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Friendly Tyrants
An American Dilemma

Edited by Daniel Pipes and Adam Garfinkle
New York: St. Martin's Press, 1991

This collection of essays resulted from a three-year study of American relations with pro-U.S. authoritarian regimes sponsored by the Foreign Policy Research Institute. In part one, policy analysts and practitioners examine historic examples such as the Shah of Iran, Ferdinand Marcos, and South Vietnam. Part two offers lessons applicable to managing current and future problems. Additional essays offer general policy guidelines.

From the dust jacket:

What do the South Vietnamese government, the Shah and Ferdinand Marcos have in common? All were allied to the United States, all defied democratic and liberal norms and all three fell in a blaze, creating problems for the United States. In each case the problem arose in large part because Washington pursued security interests, while the public reacted against humanitarian abuses, and the contradiction led to disaster.

These three cases - and eighteen more - are the subject of Friendly Tyrants, the first study ever to survey the contentious, persistent problem of U.S. government relations with pro-American authoritarian rulers. Working together over a three-year period, a distinguished group of specialists and government officials draw conclusions that offer guidelines to help understand the problem and to make policy for the future.

Daniel Pipes is Director of the Foreign Policy Research Institute in Philadelphia, and editor of its quarterly journal Orbis. In addition to teaching at the University of Chicago, Harvard University and the U.S. Naval War College, he has served in three positions at the Department of State, two in Washington and one in Geneva. Mr. Pipes has published six books, including two in 1990 - The Rushdie Affair and Greater Syria.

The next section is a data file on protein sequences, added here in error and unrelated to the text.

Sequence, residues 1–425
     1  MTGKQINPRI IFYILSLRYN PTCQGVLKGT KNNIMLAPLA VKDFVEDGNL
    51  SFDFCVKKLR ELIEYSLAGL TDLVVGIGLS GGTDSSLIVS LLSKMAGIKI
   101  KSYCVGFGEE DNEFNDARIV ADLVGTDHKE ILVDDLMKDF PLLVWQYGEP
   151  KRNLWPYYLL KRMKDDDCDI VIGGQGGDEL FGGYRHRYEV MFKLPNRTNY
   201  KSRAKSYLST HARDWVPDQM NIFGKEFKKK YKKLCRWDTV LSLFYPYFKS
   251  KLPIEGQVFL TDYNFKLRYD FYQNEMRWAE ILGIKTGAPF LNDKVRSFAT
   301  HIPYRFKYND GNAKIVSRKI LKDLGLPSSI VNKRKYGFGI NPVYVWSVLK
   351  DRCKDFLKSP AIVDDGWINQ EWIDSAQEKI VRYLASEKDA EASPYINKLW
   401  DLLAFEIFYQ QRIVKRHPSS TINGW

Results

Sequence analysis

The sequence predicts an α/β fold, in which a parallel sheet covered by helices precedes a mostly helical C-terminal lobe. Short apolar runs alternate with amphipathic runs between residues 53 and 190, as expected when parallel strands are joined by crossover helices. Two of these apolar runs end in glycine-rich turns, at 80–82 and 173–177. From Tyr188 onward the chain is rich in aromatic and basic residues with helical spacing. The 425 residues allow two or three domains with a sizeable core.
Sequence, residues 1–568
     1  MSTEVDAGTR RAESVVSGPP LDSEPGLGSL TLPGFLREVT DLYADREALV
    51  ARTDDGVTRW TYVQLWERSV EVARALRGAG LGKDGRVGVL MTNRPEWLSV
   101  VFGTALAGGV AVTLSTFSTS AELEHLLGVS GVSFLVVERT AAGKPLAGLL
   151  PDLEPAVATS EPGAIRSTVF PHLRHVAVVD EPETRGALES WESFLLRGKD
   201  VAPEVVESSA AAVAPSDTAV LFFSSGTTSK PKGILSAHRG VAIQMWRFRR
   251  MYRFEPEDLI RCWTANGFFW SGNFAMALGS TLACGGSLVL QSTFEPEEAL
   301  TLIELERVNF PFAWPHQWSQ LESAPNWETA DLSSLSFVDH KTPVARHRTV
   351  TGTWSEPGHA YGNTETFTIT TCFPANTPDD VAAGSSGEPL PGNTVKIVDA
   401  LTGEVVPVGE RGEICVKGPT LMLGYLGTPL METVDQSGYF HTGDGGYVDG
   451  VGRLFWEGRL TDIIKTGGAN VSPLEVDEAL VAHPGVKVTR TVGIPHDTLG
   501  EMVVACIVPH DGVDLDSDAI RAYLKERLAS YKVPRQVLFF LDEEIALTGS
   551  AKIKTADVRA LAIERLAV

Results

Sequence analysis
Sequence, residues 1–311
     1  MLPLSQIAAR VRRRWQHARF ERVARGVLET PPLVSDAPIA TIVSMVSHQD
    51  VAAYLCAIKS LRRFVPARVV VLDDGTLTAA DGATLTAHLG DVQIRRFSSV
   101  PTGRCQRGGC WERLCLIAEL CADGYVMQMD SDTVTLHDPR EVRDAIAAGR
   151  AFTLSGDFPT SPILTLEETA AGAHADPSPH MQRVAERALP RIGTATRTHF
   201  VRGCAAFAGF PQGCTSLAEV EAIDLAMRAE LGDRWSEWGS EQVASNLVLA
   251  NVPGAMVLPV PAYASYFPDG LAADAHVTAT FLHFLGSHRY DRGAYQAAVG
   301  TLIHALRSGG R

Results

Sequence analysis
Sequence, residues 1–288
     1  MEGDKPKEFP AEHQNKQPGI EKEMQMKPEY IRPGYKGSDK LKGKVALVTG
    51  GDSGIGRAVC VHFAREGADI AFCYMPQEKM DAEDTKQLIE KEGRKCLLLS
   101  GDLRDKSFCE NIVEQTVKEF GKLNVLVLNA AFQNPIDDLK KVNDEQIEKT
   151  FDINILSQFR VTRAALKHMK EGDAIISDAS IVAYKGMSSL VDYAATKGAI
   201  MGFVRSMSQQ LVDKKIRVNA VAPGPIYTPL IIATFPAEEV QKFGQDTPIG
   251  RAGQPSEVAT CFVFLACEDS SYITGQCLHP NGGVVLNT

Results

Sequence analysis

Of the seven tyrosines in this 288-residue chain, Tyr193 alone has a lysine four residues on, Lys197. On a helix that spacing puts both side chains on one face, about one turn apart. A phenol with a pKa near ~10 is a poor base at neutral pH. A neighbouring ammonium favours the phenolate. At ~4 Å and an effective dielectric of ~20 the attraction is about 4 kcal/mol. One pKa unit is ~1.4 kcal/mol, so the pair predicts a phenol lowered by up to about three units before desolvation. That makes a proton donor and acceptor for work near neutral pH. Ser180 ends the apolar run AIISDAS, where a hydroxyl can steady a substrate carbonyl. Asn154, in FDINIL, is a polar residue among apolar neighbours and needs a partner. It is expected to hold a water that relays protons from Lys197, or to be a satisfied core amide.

Adam Garfinkle is Coordinator of Political Studies at the Foreign Policy Research Institute in Philadelphia and Contributing Editor to Orbis. He has served as an aide to both Senator Henry M. Jackson and General Alexander M. Haig, Jr. A lecturer in political science at the University of Pennsylvania, he is the recipient of Fulbright, U.S. Institute of Peace and German Marshall Fund grants. He has written three books, including The Politics of the Nuclear Freeze (1984), and has published essays in journals such as Commentary, Jerusalem Quarterly, Middle Eastern Studies, The National Interest, Political Science Quarterly and Washington Quarterly.

Preface and Introduction

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